The Atopic march denotes the progression from atopic dermatitis AD to the development of other allergic disorders such as immunoglobulin Ig E-mediated food allergy, allergic rhinitis and asthma in later childhood. There is increasing evidence from prospective birth cohort studies that early-onset AD is a risk factor for other allergic diseases or is found in strong association with them. Animal studies now provide mechanistic insights into the pathways that may be responsible for triggering the progression from the skin barrier dysfunction seen in AD to epicutaneous sensitization, food allergy and allergic airway disorders. Recent large randomized controlled trials have demonstrated the efficacy of early interventions targeted at AD and food allergy prevention. These show great promise for research into future strategies aimed at prevention of the atopic march. The increasing prevalence of allergic disorders worldwide imposes a significant socioeconomic burden on society.
A potential new risk factor for the development of food allergies in young children with eczema—with potential implications for helping them maintain food tolerance—was revealed recently in a new secondary analysis of data from the Learning About Early Peanut Allergy LEAP trial.
Get the content you want anytime you want. Published in the Journal of Allergy and Clinical Immunology , the study sought to investigate the association of S aureus colonization with specific Immunoglobulin E sIgE production with common food allergens and allergies in early childhood independent of eczema severity. Sensitization was identified via measuring sIgE levels, peanut allergies were identified primarily via oral food challenge, and persistent egg allergies were identified primarily via skin prick tests. A total of S aureus colonization and concurrent eczema severity measured via the SCORAD index were significantly associated across all study time points. Children with S aureus present on their skin or in their noses were 1. The study results indicate that clinicians should consider S aureus as an additional risk factor in the development of food allergies, and also as a potential environmental factor when considering future interventions in inducing or maintaining tolerance to food allergens.
In a new study published today in the Journal of Allergy and Clinical Immunology , scientists from King's College London have found that young children with severe eczema infected with Staphylococcus aureus SA bacterium, are at a higher risk of developing a food allergy. Staphylococcus aureus SA is a bacterium that can be found in the nose and the skin of healthy individuals. When someone has an allergy, their immune system mistakes a harmless substance such as eggs or peanuts as an intruder and overreacts in response.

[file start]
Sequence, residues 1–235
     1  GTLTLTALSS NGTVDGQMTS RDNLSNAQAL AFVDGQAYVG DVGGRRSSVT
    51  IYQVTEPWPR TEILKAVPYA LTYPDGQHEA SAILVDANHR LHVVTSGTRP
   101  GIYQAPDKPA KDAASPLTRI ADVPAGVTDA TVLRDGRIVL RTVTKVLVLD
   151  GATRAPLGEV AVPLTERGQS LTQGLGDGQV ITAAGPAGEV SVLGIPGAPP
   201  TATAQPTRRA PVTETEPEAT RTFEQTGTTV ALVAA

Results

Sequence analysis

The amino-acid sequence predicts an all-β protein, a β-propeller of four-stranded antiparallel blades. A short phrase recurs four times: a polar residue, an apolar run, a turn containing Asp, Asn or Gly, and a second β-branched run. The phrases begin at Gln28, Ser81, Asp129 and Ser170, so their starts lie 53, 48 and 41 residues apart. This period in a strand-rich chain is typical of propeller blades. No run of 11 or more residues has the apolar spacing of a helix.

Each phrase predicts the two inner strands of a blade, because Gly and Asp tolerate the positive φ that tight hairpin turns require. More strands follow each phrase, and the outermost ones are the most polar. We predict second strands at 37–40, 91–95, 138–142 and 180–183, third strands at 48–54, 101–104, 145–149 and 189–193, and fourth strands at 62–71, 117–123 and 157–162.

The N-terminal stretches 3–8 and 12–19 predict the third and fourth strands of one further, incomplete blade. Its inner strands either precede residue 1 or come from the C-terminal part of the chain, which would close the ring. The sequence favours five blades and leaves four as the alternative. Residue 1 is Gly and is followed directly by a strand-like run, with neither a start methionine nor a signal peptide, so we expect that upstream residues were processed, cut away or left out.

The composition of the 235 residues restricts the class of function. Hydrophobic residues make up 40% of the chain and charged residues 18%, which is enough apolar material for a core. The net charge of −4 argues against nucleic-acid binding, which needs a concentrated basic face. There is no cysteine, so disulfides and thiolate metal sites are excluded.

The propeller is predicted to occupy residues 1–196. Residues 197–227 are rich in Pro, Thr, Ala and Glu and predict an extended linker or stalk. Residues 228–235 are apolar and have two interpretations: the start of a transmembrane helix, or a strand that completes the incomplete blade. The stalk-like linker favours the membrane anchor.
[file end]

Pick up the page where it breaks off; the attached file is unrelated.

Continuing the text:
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Now, in a secondary analysis of the Learning About Peanut Allergy, or LEAP, study, researchers have found that children with severe eczema who were colonized with the bacteria were significantly more likely to have a specific food allergy. In LEAP , children aged 4 to 11 months with severe eczema, egg allergy, or both were randomly assigned to consume or avoid peanuts until 60 months of age. The study found that the early introduction of peanuts significantly reduced the frequency of the development of peanut allergy. They also sought to determine the association of S. They found that although S. Furthermore, children colonized with S. These associations persisted regardless of eczema severity.
Staphylococcus aureus SA is a bacterium that can be found in the nose and the skin of healthy individuals. However, SA is more common in sufferers of eczema, especially severe eczema. When someone has an allergy, their immune system mistakes a harmless substance such as eggs or peanuts as an intruder and overreacts in response. Their body produces a molecule or else antibody known as Immunoglobin E IgE. When IgE encounters the intruder on the skin or within the body it releases chemicals, such as histamine that cause the allergic reaction.
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